# How to check if a 2 dimensional vector field is irrotational (curl=0)?

I need to check if a this vector field is irrotational and conservative:

$$F=\langle e^{x \cos y} \cos y,-x e^{x \cos y}\sin{y} \rangle$$

curl of F should be => $$\dfrac{dQ}{dx} - \dfrac{dP}{y}=0$$ (where 'd' = partial derivative).

With some calculation, I found out that the partials are equal :

$$-e^{x \cos y}\sin y[1+x \cos y]$$

But here is my confusion, does that mean that the vector field is irratational? or conservative? My doubt arises from the fact that the definition of curl I know is only for 3 dimensional vector field.

• Your field is the gradient of $e^{x \cos y}$, confirming it is conservative – kmm Jan 14 at 14:26
• yes, but how do I check if it is irrotational ? – NPLS Jan 14 at 14:27

You are right that the usual notion of curl is only defined for 3 dimensions. To prove a two-dimensional vector field is conservative, you can use Green's theorem which says that the following identity holds for a region $$D$$ bounded by a curve $$C$$

$$\oint (P\,dx+Q\,dy)=\iint _{D}\left({\frac {\partial Q}{\partial x}}-{\frac {\partial P}{\partial y}}\right)\,dx\,dy$$

A conservative vector field is a vector field which can be expressed as the gradient of a scalar function. Remember that a conservative vector field has the property that the result of a line integral is path independent, implying the line integral over a simple closed path is always zero (there are some subtleties involving non-simply connected spaces). Hence the left integral will be zero if and only if the vector field $$\vec{F} = P \hat{e}_x + Q \hat{e}_y$$ is conservative. So to check if a field is conservative, we can simply check if the integrand of integral on the right hand side is zero. This expression is the two-dimensional analog of curl.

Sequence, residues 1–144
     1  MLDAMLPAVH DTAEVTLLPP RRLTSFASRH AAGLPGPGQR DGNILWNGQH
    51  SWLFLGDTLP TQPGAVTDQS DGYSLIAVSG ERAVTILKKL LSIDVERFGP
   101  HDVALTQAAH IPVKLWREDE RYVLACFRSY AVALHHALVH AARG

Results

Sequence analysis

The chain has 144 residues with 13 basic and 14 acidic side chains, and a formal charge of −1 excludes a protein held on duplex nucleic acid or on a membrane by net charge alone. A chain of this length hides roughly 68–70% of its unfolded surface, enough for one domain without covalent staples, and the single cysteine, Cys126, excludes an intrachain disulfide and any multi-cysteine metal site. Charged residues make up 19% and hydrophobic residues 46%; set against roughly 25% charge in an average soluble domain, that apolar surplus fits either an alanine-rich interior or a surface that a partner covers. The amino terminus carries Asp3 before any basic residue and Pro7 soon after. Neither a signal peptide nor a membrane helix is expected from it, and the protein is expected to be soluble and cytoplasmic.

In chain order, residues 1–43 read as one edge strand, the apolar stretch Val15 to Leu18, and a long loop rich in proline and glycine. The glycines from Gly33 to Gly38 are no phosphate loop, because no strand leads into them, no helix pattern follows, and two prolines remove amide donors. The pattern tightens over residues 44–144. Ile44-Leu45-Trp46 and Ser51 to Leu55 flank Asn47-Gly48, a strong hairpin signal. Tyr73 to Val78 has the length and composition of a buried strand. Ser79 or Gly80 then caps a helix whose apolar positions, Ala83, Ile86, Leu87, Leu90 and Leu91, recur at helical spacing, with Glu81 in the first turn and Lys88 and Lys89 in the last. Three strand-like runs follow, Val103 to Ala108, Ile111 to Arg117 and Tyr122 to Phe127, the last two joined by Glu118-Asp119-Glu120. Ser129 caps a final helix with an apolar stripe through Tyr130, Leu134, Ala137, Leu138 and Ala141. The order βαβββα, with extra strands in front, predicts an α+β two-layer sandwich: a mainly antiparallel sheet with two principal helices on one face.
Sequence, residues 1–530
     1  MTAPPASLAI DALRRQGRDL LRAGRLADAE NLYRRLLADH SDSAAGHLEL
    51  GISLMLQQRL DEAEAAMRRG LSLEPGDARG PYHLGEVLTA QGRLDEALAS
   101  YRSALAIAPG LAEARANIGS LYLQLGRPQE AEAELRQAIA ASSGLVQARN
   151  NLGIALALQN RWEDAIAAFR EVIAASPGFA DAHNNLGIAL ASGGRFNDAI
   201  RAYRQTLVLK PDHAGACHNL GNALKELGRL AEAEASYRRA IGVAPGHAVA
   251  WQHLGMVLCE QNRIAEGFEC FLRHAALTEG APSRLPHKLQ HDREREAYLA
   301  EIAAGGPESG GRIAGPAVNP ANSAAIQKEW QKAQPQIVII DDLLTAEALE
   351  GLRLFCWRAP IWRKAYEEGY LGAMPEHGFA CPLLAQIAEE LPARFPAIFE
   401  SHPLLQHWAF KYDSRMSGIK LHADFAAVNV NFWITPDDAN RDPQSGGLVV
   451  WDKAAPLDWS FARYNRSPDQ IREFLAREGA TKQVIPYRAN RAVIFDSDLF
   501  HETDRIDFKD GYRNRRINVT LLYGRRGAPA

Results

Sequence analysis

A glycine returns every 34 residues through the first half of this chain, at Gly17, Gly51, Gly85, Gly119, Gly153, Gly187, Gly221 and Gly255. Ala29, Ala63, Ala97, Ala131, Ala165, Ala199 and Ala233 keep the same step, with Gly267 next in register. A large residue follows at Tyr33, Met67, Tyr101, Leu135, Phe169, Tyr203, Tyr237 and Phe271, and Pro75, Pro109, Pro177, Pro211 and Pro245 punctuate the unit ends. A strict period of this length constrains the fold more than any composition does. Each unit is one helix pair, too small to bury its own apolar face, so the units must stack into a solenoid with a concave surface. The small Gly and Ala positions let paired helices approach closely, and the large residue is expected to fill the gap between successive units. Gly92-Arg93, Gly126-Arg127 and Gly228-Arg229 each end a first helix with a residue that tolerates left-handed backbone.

$$curl \vec{F} = \frac {\partial Q}{\partial x}-\frac {\partial P}{\partial y}$$

This is the formula you wrote down. In two-dimensions, the curl is a scalar, not a vector field itself. To get a completely general description of the concept of curl, you need differential forms, but this a relatively complex matter.

Another way to see it is that your expression is the z-component of the 3-dimensional curl for a vector field which does not depend on the z-direction.

• So what I can say about the irrotationality of my vector field? Does that mean that conservativeness implies irrotationality? (in the domain of definition) – NPLS Jan 15 at 8:18
• It's irrotational if this two-dimensional analog of the curl vanishes. A conservative field will always be irrotational. To see this, consider a gradient $\vec{F} = (\frac{\partial f}{\partial x}, \frac{\partial f}{\partial y})$ . The 2D curl will be $\frac{\partial }{\partial x}\frac{\partial f}{\partial y} - \frac{\partial }{\partial y}\frac{\partial f}{\partial x}$ which will always be zero as partial derivatives commute. So conservativeness implies irrotationality – kmm Jan 15 at 23:10